Gracious, grand and green – surface travel to Split

At the close of the 4th ISC at Portland I indicated that I would provide information on ‘green’ options for travel to the next ISC. You probably won’t share my zeal for trans-oceanic surface travel so I will not expand on the options (e.g. by container ship) for those travelling to Split from overseas. What follows is for those resident in Europe, or arriving from outside at a location distant from the conference venue - why not do so deliberately for the opportunity of a civilised tour through some of the best that the continent offers? For these, rail is a perfectly practical, scenic, relaxing, sociable (and of course much greener!) way of getting to Split. As I was swiftly reminded at Portland, rail could be combined with sea-travel over the Adriatic and is certainly a good option for those coming from Italy. I will not elaborate on that possibility here (see the Transportation page) – suffice it to say that if you took the train to Ancona and then the overnight ferry you could have breakfast whilst cruising along the Dalmatian coast…

I would strongly recommend The Man in Seat Sixty-One and Deutsche Bahn (can be set to a range of European languages) for information on long-distance train travel in Europe, and indeed beyond – each website will provide connections from Vladivostok in a few clicks! As you will easily be able to confirm for yourself, Split can be reached from central Europe in less than 24 hours – e.g. departing Frankfurt at 08.19, changing in Vienna, and then taking the sleeper from Zagreb to arrive in Split at 06.45 the next day. If you left on Sunday 16th June 2019 you would be at Split in good time for the first session on Monday 17th. However, while time-efficient and involving only two changes, this itinerary would not show you the glories of Alpine scenery in Austria and Slovenia, and the fascinating karst landscapes of Croatia. For these, the best option would be the sleeper from Zürich, departing at 20.40, changing in Zagreb (only) the next day, and arriving in Split at 21.22. Morning departures from south-western, western and north-western Europe (including the UK!) will get you to Zürich within the day in time for the 20.40 departure. Those travelling from northern or central Europe could pick up this train at a later point (e.g. Innsbruck, 00.56). You would wake to the scenery of the High Tauern (not far from the Grossglockner, Austria’s highest mountain) and proceed through wonderful country in Slovenia and Croatia for the rest of the day, arriving (if you left on Saturday 16th) in time for the tail-end of the ice-breaker – or maybe when it really starts! An alternative option from Zürich would be the 08.40 departure, travelling through Alpine scenery all day (a different route, through Graz) and arriving in Split (via the sleeper from Zagreb) at 06.45 the next day. A second ‘Alpine’ option for travellers from northern or central Europe would be the 08.54 departure from Frankfurt, changing at Munich and then joining the Zürich-Graz train at Bischofshofen. Like the 08.40 option from Zürich, it provides a day of Alpine scenery (in this case including Salzburg and the Salzkammergut) but only offers a few hours of daylight travel through Croatia. Travellers from eastern and south-eastern Europe can readily reach Split by train through Zagreb, changing there for onward travel during the day (departure 15.21) or overnight (departure 23.00).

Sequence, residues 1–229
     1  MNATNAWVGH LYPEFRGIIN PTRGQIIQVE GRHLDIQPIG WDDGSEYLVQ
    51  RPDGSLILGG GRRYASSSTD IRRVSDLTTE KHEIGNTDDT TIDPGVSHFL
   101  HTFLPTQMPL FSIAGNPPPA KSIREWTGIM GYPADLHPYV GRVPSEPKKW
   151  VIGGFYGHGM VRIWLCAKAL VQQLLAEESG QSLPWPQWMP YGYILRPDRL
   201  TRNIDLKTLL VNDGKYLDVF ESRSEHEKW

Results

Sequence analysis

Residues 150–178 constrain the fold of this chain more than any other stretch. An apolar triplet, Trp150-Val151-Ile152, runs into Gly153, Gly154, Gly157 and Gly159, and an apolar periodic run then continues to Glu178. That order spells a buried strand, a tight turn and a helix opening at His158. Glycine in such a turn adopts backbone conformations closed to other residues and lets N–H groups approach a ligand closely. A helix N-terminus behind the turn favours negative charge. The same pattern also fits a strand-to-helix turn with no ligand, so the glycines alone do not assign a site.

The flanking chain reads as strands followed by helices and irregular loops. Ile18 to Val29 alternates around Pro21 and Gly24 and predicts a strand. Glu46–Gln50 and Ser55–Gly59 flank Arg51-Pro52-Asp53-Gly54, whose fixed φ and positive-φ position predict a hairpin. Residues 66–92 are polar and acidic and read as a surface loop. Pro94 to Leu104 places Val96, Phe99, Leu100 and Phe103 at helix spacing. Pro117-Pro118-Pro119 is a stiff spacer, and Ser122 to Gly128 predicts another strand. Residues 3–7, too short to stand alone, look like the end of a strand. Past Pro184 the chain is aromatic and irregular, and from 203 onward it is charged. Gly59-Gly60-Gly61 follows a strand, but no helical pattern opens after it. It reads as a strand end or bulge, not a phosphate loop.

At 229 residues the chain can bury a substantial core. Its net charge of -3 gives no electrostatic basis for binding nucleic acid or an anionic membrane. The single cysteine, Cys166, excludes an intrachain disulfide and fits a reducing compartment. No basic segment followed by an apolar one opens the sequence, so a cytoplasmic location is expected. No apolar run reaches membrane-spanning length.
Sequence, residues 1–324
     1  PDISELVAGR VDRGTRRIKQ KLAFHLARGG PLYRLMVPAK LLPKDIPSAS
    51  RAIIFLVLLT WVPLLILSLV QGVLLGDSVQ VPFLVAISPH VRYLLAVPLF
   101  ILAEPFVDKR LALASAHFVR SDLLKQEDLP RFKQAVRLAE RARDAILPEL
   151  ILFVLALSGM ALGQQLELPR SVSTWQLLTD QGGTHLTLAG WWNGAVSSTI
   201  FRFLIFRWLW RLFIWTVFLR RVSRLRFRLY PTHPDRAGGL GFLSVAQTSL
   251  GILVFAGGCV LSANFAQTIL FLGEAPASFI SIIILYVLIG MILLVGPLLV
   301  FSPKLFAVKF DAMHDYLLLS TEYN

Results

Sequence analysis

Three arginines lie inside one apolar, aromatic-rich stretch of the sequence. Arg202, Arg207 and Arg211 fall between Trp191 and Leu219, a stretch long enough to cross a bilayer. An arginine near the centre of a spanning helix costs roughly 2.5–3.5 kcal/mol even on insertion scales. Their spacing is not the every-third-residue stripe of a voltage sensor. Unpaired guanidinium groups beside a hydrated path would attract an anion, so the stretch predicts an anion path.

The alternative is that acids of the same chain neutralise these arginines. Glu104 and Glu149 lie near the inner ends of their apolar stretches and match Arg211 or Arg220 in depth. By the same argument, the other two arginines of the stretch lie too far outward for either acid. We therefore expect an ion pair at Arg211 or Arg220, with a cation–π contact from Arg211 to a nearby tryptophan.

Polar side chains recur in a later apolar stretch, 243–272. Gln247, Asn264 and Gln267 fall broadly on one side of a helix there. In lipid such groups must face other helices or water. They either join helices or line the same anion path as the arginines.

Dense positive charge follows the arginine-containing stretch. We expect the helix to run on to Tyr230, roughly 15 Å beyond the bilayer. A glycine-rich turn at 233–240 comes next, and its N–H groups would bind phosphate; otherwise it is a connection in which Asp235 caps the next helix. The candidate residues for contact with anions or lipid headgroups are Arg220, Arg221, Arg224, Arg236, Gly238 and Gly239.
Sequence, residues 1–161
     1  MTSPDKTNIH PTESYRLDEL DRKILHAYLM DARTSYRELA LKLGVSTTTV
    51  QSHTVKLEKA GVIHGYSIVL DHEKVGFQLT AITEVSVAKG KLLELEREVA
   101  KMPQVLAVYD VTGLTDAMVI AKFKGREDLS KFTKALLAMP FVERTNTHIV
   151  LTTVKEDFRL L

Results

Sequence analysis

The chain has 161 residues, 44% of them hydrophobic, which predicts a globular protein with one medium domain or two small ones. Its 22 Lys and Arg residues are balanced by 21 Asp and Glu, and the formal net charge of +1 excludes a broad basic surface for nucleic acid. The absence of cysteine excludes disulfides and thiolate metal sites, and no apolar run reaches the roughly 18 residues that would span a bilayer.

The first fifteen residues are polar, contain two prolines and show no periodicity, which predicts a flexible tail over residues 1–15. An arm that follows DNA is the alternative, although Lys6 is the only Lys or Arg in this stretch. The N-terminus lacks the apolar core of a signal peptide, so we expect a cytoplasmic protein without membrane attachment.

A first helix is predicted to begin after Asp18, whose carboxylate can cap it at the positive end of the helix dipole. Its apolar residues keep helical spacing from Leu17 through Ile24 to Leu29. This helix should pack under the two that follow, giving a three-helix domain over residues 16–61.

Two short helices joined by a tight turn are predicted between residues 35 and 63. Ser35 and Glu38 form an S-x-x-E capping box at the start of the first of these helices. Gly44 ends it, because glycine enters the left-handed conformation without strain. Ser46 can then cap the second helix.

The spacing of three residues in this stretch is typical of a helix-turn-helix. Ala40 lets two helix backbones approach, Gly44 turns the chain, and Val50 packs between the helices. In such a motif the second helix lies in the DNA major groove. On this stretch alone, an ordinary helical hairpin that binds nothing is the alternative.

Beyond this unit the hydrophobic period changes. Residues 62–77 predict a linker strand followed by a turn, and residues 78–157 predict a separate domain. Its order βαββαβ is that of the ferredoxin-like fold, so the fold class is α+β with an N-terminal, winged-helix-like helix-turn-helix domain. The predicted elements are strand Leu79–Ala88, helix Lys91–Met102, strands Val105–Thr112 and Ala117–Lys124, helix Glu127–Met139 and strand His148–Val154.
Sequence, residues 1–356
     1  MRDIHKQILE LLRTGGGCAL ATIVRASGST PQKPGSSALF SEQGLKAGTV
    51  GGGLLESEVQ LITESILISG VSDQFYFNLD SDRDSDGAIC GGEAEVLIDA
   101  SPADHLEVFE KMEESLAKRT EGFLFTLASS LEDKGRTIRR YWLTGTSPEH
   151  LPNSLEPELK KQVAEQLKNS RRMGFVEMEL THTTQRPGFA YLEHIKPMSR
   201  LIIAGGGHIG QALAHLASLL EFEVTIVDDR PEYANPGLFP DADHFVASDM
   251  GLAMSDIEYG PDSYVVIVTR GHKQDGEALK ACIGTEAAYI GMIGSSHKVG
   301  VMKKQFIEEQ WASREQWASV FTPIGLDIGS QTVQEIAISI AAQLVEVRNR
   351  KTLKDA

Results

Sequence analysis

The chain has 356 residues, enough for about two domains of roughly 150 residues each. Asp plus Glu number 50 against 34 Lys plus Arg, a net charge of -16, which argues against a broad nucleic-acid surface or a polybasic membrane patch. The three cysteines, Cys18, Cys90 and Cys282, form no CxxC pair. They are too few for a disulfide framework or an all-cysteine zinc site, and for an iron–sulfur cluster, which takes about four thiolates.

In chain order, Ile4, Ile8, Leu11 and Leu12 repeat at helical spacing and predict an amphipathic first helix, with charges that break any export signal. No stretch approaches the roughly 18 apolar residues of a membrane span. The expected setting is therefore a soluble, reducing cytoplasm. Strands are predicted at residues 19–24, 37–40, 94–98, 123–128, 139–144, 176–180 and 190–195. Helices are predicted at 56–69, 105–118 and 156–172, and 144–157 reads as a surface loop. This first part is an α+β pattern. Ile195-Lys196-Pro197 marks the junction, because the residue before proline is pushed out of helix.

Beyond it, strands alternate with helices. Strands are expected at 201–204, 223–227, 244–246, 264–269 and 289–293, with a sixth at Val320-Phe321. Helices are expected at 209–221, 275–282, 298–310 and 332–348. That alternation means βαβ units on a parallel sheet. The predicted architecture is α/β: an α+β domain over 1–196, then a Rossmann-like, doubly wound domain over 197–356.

The above times are based on the 2018 timetable but are unlikely to change in 2019. If you book soon after times and prices are confirmed (probably early in the New Year) it will be possible to get very good deals. For instance, I expect to be able to make the return rail trip between Derby (central England) and Split for about £300. Do consider it – once you take the train you will realise how many others have abandoned the plane, and are happier for it! By all means contact me at if you would like further advice.

Andy Johnson (University of Derby, UK)